New York fails Common Core tests


The poor results for KIPP, Democracy Prep and other renowned charters suggest that “we have to be more careful about claims of miracle schools,” said Michael Petrilli, an education analyst at the Thomas B. Fordham Institute.

Shock Doctrine: five reasons not to trust the results of the new state tests

NYC Public School Parents
By Leonie Haimson
The new Common Core exams and test scores are politically motivated, and are based neither on reason or evidence.  They were pre-ordained to fit the ideological goals of Commissioner King and the other educrats who are intent on imposing damaging policies on our schools.

Make bilingual education a priority

El Diario/La Prensa Editorial (scroll down for Spanish version)
Aug, 14, 2013
The mayoral candidates have participated in many debates and forums and campaigned all over New York City. But to date, most of them have not discussed or offered plans to improve bilingual education.
In New York City's public school system, there are 159,162 students who are known as English-language learners (ELL's). Of them, 100,933 are Latinos.
Among ELL high school students the four-year graduation rate is below 50%, well below the average rate of 62% for non ELL students.


NYC sheepskinned: First-in-decade drop in high-school grads

By Yoav Gonen
June 18, 2013

The city’s four-year high-school graduation rate slipped last year for the first time in a decade — dropping to 64.7 percent from 65.5 percent the year prior, education officials said yesterday.

With the small step back, it means the city’s on-time graduation rate has increased by just 2 percentage points since 2009 — the year the state began toughening standards for earning a high-school diploma.

Before that — particularly from 2005 to 2009 — the city’s graduation rate had risen significantly with almost each new graduating class.


It’s Not Just the Interest Rate: How Congress Can Help Students

The best way to puncture the student debt balloon would be to limit the use of student loans in the first place – in other words, to increase grants and scholarships, ensure they’re targeted at needy families, and boost their buying power, ultimately by controlling the cost of higher education. Here are three straightforward ways to help current and future borrowers: Strengthen income-based repayment programs … Lower barriers to refinancing … Reign in abusive collection practices.

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Districts Asking Parents to Pony Up for Bus Services

It’s become increasingly common for districts to contract their bus services to private providers … Many districts have begun turning to parents to foot the bill for transportation. Just this week, a private company announced it would be offering bus service for a fee to roughly 2,500 students who attend magnet and choice schools in Brevard County, FL … On the opposite coast, the 6,600-student Paso Robles district in central California … has virtually no free bus service. Most students must pay something for transportation … The 86,000-student Jefferson County, CO school system has also in recent years moved to a fee-based transportation system.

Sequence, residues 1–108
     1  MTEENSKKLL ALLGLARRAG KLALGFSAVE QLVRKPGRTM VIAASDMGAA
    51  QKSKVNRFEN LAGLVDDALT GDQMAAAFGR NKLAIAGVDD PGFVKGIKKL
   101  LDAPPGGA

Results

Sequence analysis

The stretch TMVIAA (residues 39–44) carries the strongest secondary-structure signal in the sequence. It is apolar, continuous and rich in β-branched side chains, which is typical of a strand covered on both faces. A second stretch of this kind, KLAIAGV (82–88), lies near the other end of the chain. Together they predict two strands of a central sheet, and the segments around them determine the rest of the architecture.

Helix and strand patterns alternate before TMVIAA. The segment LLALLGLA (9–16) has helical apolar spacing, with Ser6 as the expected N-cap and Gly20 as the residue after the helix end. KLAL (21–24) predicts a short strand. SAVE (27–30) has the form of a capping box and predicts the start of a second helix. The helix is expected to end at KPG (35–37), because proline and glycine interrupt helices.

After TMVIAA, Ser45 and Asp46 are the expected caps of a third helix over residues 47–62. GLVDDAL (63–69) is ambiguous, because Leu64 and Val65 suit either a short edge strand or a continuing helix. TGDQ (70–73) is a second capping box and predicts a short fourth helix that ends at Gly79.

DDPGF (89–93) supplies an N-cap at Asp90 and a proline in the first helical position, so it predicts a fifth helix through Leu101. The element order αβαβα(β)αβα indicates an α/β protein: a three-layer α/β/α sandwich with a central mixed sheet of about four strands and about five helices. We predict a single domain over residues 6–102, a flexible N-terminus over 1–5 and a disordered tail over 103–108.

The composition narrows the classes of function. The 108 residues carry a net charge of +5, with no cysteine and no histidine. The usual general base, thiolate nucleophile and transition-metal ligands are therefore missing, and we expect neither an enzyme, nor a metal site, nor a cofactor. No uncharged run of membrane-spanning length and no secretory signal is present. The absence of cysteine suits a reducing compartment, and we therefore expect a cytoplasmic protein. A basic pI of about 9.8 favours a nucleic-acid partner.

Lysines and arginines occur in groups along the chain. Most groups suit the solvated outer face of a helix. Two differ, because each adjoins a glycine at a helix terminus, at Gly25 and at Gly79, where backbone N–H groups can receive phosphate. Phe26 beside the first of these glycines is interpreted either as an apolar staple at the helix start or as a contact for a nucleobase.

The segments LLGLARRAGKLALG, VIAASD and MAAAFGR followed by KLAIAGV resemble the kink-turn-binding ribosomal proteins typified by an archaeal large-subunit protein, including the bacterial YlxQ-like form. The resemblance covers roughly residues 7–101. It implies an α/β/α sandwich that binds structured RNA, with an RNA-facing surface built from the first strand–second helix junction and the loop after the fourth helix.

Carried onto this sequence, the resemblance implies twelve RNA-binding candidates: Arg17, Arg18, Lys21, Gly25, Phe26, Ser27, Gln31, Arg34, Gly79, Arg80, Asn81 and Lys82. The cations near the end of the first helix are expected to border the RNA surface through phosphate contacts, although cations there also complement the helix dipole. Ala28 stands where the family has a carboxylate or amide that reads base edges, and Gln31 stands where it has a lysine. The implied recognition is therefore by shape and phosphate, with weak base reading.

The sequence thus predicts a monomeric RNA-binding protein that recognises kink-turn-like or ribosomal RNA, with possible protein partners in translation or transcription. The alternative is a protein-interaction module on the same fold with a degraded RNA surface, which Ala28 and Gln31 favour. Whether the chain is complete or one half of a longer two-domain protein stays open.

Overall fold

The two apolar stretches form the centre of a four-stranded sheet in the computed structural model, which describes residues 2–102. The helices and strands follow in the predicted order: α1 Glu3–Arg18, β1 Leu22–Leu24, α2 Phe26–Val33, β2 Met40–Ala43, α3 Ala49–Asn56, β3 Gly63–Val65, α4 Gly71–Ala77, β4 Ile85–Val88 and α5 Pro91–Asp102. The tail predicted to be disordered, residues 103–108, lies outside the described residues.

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China’s new education reform: Reducing importance of test scores

Washington Post

At the blogsite of Valerie Strauss, Yong Zhao writes, “The Chinese Ministry of Education has just launched another major reform effort to reduce the importance of testing in education … ‘The tendency to evaluate education quality based simply on student test scores and school admissions rate has not been fundamentally changed,” says the document. “These problems [of evaluation] severely hamper student development as a whole person, stunt their healthy growth, and limit opportunities to cultivate social responsibilities, creative spirit, and practical abilities in students’ … The new evaluation framework attempt to end the use of test scores and success rates of sending students to higher-level schools as the only measure of education quality. Instead, it drastically broadens the scope of indicators.

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Corbett to Philly: Fix your own schools

In Philadelphia’s local independent weekly, an op-ed by Daniel Denvir states, ” Gov. Tom Corbett’s proposed public school ‘rescue package,’ currently making its way through the legislature, is a destructive joke … The $140 million … falls far short … The plan shifts the burden for funding city schools onto those who can least afford it.… The plan also requires a staggering $133 million in concessions from union workers … a nod to the folks who want to break Philadelphia’s teachers union … Corporate leaders have vigorously opposed business tax hikes to aid city schools … Education historian Diane Ravitch and American Federation of Teachers President Randi Weingarten sent a letter to US Education Secretary Arne Duncan, urging that he intervene.

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Education System Stifles Creativity, Say Teachers, Parents

Testing and government mandates are stifling creativity in the classroom, according to parents and educators … More than 85% of parents and educators feel that to ‘foster creativity’ in schools will force changes in how schools work … US parents worry the most about testing, followed by US teachers … Educators in Germany, the UK and Australia put the blame on ‘the current education curriculum’ … Educators, especially in the US, also feel that they can do more to teach creativity – particularly with more resources.

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